The second major way that climate and weather are linked (not unrelated to the first) is through configuration of major features of the sea and air. This is more complicated, more unknown, more recent, and more scary in some ways. If you follow the news about hurricanes, you’ll hear about a hurricane or tropical storm out in the Atlantic, and notice that the National Weather Service has drawn a line showing where that hurricane will go over the next week or so. That’s pretty amazing when you think about it, given that over time hurricanes go in many different directions along many different paths. But somehow they know where it is going to go and they are generally pretty close to correct these days. They also know how strong or weak the hurricane will get over time.
The way they do this is by understanding the effects of huge masses of air, and the distribution of sea surface temperatures. The Earth’s layer of air is like the surface of a fast moving stream. If you look at the surface of a stream you’ll see that parts of the stream are up high, like a hill, and others are down low. If you look more closely, you’ll see that most of the low parts are moving faster than the high parts, and if there are eddies (whirlpools) they are in the low spots. One could think of the air as acting like this, where the high spots are high pressure systems and the low spots are low pressure systems. In the atmosphere those high areas tend to determine where the low areas are going to form and where they will move, and how fast. A hurricane is just one of the lows, but more concentrated in energy than most (and with a number of other differences). The highs, typically less “visible” to us mere earthlings looking out our window (those are the clear mild days) are mapped at large scale and their configuration used to plot the future course of the big storms. (This is an oversimplification that ignores, fore example, the very important effect of jet streams, which actually require math to understand. I have noticed that any atmospheric system that requires calculus to describe causes severe weather. Just sayin’.)
Although the air covering our planet is very different from a stream surface, it has high and low areas and if you know where everything is on one day, all the highs and lows, you can be sure they are not going to be too different the next day. We also know the direction in which these features will usually move. In other words, the distribution of high and low regions in the atmosphere is measurable and predictable, to a very large degree.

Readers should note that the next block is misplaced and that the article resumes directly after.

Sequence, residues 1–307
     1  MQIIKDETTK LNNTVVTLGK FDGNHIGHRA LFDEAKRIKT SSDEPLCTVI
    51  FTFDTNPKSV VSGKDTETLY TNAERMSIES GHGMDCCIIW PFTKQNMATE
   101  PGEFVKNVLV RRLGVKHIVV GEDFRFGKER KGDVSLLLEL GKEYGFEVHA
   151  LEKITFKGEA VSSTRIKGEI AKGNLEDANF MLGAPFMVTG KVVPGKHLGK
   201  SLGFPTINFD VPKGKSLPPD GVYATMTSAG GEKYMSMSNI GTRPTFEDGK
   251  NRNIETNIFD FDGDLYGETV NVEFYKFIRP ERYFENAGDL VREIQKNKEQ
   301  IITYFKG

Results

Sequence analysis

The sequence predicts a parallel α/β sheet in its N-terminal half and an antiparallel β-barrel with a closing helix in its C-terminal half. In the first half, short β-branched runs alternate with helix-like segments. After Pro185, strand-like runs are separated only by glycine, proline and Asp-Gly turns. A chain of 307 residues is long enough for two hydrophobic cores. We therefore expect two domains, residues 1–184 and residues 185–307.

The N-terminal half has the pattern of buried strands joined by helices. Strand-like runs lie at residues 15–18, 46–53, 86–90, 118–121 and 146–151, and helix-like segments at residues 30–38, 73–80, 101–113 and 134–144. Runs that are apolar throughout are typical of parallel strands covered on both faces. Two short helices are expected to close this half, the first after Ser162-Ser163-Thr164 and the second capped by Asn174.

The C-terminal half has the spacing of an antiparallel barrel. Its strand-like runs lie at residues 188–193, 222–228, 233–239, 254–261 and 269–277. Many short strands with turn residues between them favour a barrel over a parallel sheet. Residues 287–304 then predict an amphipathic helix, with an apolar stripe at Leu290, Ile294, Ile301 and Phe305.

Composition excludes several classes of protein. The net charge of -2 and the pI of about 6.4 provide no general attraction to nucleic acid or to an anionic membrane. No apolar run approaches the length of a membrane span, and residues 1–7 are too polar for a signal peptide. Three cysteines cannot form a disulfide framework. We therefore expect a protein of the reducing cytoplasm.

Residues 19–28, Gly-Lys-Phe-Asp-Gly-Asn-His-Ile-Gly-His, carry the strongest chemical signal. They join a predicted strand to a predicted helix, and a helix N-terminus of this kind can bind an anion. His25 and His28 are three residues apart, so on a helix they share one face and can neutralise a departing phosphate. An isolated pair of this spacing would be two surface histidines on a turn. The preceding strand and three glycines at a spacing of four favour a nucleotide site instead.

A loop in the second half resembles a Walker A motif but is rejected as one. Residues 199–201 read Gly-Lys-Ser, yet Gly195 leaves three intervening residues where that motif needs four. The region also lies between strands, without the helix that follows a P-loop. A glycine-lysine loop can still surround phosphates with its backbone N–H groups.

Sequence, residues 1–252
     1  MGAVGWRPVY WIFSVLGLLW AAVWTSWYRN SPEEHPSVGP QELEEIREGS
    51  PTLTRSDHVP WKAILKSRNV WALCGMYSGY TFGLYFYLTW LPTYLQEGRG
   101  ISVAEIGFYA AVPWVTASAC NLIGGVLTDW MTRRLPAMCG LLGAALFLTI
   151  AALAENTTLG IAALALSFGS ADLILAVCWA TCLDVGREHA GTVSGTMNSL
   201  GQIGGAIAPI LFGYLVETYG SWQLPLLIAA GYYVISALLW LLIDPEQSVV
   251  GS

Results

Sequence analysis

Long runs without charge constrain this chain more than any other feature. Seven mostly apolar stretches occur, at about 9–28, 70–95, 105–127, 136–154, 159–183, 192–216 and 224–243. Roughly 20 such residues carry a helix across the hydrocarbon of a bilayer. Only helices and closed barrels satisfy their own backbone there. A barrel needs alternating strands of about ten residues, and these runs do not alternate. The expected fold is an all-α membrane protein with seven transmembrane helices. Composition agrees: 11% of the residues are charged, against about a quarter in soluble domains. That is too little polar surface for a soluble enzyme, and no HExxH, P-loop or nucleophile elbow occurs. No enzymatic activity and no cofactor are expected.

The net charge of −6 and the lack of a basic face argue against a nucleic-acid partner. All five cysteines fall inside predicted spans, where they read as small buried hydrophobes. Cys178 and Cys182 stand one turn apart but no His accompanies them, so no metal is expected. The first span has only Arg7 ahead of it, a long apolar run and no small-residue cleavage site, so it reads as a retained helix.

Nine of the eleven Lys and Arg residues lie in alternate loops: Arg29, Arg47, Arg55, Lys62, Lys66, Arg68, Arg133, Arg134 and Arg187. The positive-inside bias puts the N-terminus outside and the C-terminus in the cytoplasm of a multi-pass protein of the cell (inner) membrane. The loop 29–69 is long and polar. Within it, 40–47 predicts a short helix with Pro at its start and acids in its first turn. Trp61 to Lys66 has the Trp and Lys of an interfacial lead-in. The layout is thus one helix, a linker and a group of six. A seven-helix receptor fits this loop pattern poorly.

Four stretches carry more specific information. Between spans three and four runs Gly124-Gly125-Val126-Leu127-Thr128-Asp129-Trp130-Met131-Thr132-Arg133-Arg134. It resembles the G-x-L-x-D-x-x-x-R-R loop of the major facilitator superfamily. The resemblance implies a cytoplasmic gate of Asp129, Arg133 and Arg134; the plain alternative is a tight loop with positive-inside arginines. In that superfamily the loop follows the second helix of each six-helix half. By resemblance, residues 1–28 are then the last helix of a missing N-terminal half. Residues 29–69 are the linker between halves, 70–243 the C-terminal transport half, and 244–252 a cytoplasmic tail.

With climate change, the basic configuration of lows and highs changes. We have seen a fundamental change in the way air is distributed in the far north, around Canada, Siberia, and farther north to the Arctic. These days, the air does stuff … climate stuff … in that region fairly often that it used to do only occasionally. A result is that the distribution of warm and cool air is different, thus the heat waves and cold snaps. Another result is the direction in which low pressure systems get steered during certain times of the year and in certain regions; thus, Superstorm Sandy hitting New York and New Jersey. Superstorm Sandy, a hurricane, was supposed to turn right. All the other storms turn right. If a storm hits the Northeastern US it hits it from the south before turning right, but usually a glancing blow or as a much diminished storm. Sandy got big and turned left instead of getting smaller and veering right. Climate change caused that weather event.
I mentioned sea surface temperatures as one of the changes that affects the overall configuration of weather qualitatively and not just quantitatively. Not only is the surface of the ocean generally warmer, but where the warm spots are has changed. Recently, the Gulf Stream has stalled. This means that warm water that normally runs up the US coast and disperses across the North Atlantic is hanging around in the Western Atlantic longer, and that area thus get warmer. For this reason, any of those big tropical storms and hurricanes that normally go north and get weak are going to go north and stay strong, or even strengthen. Then, more of them will turn left instead of right because of the new configuration of air masses. This means that all those people who have moved from New York to Florida over the last 50 year to get near hurricanes can move back to the Northeast and still have their hurricanes!